Texas law banning homeless camps takes effect

A state law banning homeless encampments took effect September 1 in Texas.

House Bill 1925 makes camping in an unapproved public place a Class C misdemeanor, punishable by a fine of up to $500.

"I can honestly say, I think every legislator in this building had a first degree experience that was very negative because of the homeless situation and the danger that is happening in our city streets, and, so, we all kind of came together and decided that we really needed to have some state policies to affect this," said state Sen. Dawn Buckingham (R-Lakeway).

Co-sponsors of the bill, now law, said the legislation was a direct response to Austin City Council’s decision to lift a camping ban in the city two years ago.

"When you see what’s happening with the homelessness population, because of the failed practices of our City Council, it’s unsustainable, it’s unacceptable," Buckingham said.

Cities are not able to opt out or discourage enforcement of the new law. However, cities with camping bans on the books, that are just as or more restrictive than the state law, are not impacted by it. Meaning, because Austin residents voted to reinstate the city’s camping ban, the local laws don’t really change. Still, lawmakers are hoping enforcement will.

"I think it’s the only thing that’s going to get enforcement in Austin. That’s why we had the state ban. Back in May, when the Austin voters overwhelmingly supported re-instituting the ordinances, everyone looked at me, some of the Austin Democrats, and said, ‘We don’t need this bill, you know, Austin is fixed.’ And clearly that is not the case," said Buckingham.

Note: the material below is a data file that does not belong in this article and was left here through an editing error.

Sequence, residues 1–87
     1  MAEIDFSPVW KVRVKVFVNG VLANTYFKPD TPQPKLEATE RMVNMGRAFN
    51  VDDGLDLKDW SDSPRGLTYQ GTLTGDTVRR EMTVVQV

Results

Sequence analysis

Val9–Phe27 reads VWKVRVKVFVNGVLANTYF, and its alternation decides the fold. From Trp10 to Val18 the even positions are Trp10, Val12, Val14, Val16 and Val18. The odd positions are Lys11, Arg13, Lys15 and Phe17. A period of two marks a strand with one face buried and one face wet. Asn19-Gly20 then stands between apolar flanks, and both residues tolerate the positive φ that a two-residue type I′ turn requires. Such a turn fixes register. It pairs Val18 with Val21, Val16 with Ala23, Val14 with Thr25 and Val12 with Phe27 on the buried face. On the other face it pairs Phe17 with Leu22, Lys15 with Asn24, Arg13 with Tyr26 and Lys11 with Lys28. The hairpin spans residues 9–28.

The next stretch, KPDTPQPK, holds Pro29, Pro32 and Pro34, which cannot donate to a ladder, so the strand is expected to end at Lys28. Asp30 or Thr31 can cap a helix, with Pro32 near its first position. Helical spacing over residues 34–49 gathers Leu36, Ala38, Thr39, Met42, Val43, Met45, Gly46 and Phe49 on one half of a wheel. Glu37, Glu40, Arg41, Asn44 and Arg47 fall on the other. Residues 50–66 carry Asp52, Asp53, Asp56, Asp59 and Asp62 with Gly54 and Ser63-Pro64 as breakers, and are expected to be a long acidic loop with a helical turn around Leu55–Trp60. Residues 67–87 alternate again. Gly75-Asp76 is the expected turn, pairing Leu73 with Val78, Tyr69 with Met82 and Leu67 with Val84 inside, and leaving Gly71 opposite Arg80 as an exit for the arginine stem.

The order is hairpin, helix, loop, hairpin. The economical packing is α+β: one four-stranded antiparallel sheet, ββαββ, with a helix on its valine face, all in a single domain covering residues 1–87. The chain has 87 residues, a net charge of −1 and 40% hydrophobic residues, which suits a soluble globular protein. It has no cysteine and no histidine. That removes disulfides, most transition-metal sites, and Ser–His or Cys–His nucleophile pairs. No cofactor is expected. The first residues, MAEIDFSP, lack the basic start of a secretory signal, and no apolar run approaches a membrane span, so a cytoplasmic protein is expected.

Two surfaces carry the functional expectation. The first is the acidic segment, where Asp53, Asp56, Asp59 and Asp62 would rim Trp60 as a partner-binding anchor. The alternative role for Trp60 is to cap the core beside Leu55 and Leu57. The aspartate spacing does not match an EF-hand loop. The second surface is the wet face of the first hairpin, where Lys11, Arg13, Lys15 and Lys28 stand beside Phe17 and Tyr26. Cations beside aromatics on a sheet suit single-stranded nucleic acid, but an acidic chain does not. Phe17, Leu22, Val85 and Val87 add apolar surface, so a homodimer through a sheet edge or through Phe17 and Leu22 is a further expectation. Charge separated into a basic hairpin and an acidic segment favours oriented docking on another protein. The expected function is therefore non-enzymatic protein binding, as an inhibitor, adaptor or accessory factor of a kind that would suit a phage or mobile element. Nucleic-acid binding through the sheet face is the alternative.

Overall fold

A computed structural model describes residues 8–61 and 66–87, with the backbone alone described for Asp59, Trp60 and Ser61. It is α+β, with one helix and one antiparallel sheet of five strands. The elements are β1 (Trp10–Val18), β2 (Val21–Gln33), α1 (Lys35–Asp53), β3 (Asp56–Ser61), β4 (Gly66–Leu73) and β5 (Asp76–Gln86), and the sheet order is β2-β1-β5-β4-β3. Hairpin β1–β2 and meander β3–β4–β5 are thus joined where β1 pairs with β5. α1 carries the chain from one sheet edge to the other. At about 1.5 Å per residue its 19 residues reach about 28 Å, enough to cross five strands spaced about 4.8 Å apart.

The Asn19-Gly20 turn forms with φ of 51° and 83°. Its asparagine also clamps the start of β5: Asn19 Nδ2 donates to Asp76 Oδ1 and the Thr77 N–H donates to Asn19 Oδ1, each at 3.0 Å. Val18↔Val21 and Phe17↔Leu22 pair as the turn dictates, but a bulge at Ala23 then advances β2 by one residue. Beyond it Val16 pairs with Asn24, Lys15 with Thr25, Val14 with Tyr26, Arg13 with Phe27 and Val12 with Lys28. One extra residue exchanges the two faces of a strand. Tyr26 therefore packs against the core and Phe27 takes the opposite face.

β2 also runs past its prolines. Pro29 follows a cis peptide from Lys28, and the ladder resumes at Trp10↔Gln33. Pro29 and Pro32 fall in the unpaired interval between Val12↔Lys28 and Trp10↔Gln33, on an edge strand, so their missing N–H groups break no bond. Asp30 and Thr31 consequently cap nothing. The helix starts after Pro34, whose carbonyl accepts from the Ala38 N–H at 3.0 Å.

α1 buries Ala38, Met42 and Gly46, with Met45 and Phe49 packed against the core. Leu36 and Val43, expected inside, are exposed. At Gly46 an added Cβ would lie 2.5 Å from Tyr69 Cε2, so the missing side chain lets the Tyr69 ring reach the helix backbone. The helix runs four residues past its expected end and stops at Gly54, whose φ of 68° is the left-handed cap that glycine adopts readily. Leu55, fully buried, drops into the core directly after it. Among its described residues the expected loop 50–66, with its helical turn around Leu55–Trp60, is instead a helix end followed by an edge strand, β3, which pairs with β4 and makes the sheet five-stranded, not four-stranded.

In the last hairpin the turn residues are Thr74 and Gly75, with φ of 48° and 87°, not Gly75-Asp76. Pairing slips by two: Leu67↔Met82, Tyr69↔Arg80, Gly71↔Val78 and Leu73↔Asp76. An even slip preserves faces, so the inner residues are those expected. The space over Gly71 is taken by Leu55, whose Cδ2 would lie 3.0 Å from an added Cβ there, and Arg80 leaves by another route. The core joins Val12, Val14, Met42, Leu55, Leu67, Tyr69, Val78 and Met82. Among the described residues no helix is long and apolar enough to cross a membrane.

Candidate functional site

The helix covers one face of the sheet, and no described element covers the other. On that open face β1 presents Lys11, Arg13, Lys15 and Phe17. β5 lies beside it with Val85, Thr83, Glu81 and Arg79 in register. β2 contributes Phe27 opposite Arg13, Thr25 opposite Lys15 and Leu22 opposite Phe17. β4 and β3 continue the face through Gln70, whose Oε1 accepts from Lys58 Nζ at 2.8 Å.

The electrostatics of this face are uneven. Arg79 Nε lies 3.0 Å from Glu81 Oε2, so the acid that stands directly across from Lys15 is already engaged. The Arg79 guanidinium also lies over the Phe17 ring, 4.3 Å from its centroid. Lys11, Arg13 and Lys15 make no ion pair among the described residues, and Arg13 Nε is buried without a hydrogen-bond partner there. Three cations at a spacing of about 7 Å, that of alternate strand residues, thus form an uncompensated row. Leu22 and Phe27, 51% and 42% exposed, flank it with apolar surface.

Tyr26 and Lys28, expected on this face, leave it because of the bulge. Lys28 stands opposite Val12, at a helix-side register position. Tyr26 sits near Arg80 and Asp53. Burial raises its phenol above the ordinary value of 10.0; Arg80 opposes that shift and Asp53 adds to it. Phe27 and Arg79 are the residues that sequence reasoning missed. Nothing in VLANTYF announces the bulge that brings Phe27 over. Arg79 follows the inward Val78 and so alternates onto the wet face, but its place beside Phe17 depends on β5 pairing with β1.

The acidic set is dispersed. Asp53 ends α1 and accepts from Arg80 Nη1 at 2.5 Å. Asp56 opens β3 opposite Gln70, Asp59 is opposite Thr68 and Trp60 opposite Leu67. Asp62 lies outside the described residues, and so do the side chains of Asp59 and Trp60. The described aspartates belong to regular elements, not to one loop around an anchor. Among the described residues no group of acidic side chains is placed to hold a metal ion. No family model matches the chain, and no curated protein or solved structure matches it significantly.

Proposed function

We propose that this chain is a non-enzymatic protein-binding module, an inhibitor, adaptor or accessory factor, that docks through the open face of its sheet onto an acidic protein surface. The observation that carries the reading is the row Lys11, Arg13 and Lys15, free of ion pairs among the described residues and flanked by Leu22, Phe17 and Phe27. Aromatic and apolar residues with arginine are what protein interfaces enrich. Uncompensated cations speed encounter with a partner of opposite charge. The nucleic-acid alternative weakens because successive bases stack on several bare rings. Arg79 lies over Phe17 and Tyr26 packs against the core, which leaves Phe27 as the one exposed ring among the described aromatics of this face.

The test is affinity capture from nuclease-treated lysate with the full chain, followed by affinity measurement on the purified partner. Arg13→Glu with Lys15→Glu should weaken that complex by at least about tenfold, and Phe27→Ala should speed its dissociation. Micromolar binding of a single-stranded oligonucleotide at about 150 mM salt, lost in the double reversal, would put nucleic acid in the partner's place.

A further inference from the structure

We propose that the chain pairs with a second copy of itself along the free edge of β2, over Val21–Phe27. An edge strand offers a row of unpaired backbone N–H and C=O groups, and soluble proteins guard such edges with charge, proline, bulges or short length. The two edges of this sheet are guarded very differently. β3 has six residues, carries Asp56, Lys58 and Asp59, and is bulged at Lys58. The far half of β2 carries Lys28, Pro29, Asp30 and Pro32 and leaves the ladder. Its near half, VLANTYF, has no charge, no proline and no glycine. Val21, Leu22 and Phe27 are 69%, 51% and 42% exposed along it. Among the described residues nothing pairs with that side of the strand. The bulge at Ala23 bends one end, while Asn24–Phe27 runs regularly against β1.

Other law enforcement agencies, like the Texas Department of Public Safety, will be able to issue citations under the state law.

The Texas Homeless Network said that will only make it more difficult to get people off the street.

"If you are on the street, or in a shelter, you don’t have the capacity to pay that type of fine, so that will go on your record, and if it’s on your record, it follows you when you’re trying to apply for assistance or for housing," said THN president and CEO Eric Samuels.

THN believes lawmakers would have more luck clearing homeless camps by directing available federal funding towards solving homelessness. "I’d like to see us focus on the solutions to homelessness, rather than banning homelessness and moving people into the shadows and out of sight," Samuels said.

Lawmakers said the new law will help by directing people who are homeless to available resources, as officers are expected to point people to shelters and nonprofits whenever they issue citations.

"Police want to help these people too, and it just gives them the tools they need to get those folks to make good decisions and get to a place where they can get the help that they need," said Buckingham.

The law also bans cities from using public parks as sanctioned homeless campsites- something Austin city leaders considered doing earlier this year.

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